The Belly of Paris: Hunger in the face of plenty

The phenomenon whereby hunger and malnutrition fail to “self-correct” despite dramatic economic growth and the abundant presence of food is meticulously dissected by the 19th century French novelist Émile Zola in his 1873 novel Le Ventre de Paris (The Belly of Paris), which revolves around Les Halles, Paris’s central market.

“The belly of humanity”

Dating from at least the Middle Ages, Les Halles was dramatically modernised in the 1850s. Redesigned by the architect Victor Baltard as a series of massive buildings made of glass and iron, it became a symbol of modernity and of the Second Empire of Napoleon III, which ran from 1852 to 1870. It was literally known as “the belly of Paris.” As Zola wrote in his preliminary notes for the novel, “The general idea is: the belly, the belly of Paris, Les Halles, where food foods in and piles up before flowing out to the various neighbourhoods; – the belly of humanity, and by extension the belly of the bourgeoisie … People gorging themselves and growing fat is the philosophical and historical side of my novel. The artistic side is the modernity of Les Halles, the gigantic still lifes of the eight pavilions, the avalanches of food to be seen every morning in the center of Paris.”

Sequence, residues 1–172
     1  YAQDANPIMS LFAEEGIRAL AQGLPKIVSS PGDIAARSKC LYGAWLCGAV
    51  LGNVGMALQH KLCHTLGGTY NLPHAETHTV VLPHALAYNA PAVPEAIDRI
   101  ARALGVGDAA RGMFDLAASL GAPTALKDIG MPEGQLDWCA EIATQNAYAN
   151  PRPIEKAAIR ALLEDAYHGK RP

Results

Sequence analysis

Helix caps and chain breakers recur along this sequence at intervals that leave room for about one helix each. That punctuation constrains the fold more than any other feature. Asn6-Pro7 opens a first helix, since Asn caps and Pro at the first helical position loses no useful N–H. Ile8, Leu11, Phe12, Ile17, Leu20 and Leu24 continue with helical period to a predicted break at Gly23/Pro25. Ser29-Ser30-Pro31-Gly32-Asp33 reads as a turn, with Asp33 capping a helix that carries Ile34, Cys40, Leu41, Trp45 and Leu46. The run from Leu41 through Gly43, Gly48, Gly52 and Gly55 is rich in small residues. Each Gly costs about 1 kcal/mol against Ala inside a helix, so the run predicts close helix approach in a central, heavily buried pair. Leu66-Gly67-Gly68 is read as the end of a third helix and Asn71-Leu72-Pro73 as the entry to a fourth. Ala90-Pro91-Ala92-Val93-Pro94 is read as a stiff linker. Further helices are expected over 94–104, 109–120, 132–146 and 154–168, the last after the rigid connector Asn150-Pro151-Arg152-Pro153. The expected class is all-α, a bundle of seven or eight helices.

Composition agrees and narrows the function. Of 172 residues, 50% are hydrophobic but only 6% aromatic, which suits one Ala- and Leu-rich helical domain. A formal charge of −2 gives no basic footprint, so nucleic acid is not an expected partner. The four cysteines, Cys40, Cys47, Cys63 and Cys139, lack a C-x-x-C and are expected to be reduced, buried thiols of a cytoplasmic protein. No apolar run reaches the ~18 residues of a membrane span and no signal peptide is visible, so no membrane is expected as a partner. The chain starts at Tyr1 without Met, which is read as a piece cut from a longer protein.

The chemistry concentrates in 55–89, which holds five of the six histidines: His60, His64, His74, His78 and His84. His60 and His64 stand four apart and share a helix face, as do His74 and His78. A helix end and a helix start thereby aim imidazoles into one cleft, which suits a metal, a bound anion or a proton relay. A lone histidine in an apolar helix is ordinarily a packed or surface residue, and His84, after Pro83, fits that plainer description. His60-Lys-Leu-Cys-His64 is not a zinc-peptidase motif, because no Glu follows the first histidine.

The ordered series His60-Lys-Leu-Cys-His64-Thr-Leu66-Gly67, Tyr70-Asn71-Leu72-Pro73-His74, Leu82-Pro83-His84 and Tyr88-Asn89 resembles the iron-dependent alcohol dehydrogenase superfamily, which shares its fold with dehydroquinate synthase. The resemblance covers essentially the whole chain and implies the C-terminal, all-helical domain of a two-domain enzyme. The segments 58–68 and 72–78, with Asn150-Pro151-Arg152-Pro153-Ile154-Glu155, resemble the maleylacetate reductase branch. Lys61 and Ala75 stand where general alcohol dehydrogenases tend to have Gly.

The main protagonist of The Belly of Paris is the young Parisian Florent Quenu, an intellectual who has been mistakenly arrested during a failed coup in 1851 and sentenced to five years’ hard labor on Devil’s Island (Île du Diable), the notorious French penal colony of Cayenne in French Guiana, which opened in 1852. Escaping Devil’s Island after a long spell in prison there, he makes his way back to Paris by a lengthy and circuitous route but collapses from hunger and exhaustion just a few miles from the city’s outskirts.

Émile Zola

It is at this moment that the novel starts. The font driver of a train of horse-drawn carts carrying vegetables into Les Halles from the market gardens around Paris almost runs over the body of the unconscious Florent by mistake in the dark. She takes pity on him and gives him a life back to the center of his native town. Ironically, the famished Florent completes the final stage of his journey home on a heap of food that he cannot consume: